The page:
These laws will also come on top of the extra restrictions already placed on new drivers in Ontario, which has a graduated license system. Drivers start out with a G1, which requires drivers to maintain a blood alcohol level of zero, and to always drive with a licensed driver who has at least four years driving experience (a permit in Newfoundland and Labrador). After a year and passing the G1 test, drivers move onto G2, where you still have to maintain a blood alcohol level of zero, but you can drive with anyone, provided there's only as many passengers as seat belts (isn't that the law for everyone? Shouldn't it be?), and you still have to pass a drivers test at the end of 12 months.

There are already four Facebook groups dedicated to stopping these new rules before they become laws, with over 15,000 members already. While I agree with maintaining a zero per cent alcohol level for new drivers, overall babying of new drivers will not provide them with the experience and skills required to become good drivers. Just because teenagers are young does not make them any less competent than a 30-something learning to drive, and bestowing extra restrictions on them will leave Mr. McGuinty with yet another segment of the population extremely peeved about cars.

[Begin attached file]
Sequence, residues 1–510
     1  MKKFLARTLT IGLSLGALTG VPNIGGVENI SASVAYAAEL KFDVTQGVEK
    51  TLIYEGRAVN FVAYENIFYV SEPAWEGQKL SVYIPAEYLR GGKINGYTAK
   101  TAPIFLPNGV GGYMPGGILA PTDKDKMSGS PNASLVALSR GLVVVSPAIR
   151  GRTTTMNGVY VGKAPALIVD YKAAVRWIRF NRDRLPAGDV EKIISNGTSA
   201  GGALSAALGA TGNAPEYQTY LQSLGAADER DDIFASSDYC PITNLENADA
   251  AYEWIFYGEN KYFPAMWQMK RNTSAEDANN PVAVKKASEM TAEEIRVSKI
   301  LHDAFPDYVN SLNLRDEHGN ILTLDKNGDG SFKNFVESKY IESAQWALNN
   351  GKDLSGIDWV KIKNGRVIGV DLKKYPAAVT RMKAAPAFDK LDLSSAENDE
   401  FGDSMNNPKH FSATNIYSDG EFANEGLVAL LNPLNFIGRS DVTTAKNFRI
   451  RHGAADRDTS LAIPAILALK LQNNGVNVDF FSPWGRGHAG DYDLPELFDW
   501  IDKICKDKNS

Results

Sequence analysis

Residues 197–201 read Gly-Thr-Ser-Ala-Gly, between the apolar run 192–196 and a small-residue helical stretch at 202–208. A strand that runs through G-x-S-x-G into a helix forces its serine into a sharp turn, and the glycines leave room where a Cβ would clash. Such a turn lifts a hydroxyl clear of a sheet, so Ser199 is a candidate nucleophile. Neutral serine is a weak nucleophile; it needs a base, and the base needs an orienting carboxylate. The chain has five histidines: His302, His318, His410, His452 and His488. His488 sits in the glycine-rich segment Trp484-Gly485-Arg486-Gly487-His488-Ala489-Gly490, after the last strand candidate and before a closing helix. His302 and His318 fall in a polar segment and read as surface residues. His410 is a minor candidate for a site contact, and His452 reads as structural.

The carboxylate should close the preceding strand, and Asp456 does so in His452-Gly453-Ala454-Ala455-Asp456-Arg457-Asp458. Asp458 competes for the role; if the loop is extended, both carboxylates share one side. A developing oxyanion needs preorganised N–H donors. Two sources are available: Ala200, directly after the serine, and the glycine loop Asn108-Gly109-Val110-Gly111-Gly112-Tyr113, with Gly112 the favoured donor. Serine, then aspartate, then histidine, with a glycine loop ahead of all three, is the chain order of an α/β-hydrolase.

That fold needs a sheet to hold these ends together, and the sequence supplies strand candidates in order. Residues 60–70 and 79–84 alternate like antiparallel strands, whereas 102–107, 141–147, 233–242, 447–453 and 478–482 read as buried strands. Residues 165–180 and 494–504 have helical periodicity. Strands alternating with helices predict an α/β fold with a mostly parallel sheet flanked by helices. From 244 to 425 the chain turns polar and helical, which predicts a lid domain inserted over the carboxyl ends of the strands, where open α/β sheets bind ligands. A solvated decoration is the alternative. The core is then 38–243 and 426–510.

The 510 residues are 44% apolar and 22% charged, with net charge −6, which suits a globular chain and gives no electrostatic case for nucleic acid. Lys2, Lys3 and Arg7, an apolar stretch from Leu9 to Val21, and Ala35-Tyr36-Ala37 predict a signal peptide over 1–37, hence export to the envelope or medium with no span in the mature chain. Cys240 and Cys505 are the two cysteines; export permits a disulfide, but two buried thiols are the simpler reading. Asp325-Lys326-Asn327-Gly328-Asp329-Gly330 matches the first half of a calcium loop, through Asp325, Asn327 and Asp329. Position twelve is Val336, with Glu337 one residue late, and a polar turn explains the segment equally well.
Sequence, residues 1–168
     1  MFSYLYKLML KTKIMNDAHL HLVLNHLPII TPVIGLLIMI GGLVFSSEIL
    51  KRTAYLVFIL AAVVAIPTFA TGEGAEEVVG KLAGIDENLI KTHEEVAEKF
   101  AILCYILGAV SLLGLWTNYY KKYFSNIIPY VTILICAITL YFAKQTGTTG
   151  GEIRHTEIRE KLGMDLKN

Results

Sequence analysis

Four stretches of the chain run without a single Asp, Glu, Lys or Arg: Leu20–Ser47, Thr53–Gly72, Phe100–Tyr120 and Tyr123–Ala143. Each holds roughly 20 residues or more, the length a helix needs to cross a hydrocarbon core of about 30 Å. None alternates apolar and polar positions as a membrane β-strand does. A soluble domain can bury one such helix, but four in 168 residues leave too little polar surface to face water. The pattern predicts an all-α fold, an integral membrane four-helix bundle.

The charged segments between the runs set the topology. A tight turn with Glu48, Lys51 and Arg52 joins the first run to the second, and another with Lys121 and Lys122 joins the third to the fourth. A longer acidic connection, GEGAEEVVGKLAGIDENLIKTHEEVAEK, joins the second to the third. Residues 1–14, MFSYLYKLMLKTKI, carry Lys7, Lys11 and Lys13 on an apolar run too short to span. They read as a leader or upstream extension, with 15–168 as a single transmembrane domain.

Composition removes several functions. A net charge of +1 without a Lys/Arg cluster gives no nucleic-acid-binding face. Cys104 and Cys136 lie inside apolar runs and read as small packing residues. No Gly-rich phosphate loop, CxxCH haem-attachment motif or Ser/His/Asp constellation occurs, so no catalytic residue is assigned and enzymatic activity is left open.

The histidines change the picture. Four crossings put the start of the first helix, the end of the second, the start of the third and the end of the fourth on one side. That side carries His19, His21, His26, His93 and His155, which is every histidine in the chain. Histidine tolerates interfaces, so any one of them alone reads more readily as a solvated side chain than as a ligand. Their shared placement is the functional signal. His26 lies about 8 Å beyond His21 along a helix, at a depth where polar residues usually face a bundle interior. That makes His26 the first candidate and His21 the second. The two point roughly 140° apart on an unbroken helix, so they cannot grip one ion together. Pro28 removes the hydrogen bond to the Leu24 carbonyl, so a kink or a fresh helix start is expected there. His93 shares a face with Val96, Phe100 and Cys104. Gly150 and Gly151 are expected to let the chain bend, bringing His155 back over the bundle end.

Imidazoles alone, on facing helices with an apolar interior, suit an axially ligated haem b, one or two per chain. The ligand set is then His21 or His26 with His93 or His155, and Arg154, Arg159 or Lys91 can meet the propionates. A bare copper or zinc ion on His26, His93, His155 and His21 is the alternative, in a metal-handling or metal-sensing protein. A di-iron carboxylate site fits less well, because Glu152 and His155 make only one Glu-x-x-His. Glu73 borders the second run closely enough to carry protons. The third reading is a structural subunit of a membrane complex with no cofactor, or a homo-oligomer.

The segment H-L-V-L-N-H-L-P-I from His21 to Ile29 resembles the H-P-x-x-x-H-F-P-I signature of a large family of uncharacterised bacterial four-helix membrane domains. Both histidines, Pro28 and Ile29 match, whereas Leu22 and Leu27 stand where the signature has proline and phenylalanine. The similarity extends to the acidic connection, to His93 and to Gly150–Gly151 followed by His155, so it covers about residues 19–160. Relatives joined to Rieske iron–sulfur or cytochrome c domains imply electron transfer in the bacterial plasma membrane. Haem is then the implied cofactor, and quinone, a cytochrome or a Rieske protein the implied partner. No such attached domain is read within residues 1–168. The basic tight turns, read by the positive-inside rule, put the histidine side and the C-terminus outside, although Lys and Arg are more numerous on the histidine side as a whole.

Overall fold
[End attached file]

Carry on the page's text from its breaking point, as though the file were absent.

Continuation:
** Photo courtesy of djuggler.

Saturday, November 15, 2008

Questioning the Weatherman

I subscribe to The Democracy Now! The War and Peace Report podcast, a daily independent news show out of the US. I admit, it's pretty lefty (surprise, surprise), but what I appreciate most about the show is that host Amy Goodman questions everyone, for example when a guest called Karl Rove a liar, she asked them to back it up, even though most people wouldn't dispute that statement. So when I heard former Weather Underground members Bill Ayers and Bernadine Dohrn were going to be on the program, I got excited. Sure, the Weather Underground were lefty radicals, but many people believe they took it too far, myself included, and I thought for sure Amy Goodman and co-host Juan Gonzales were going to take these two to task.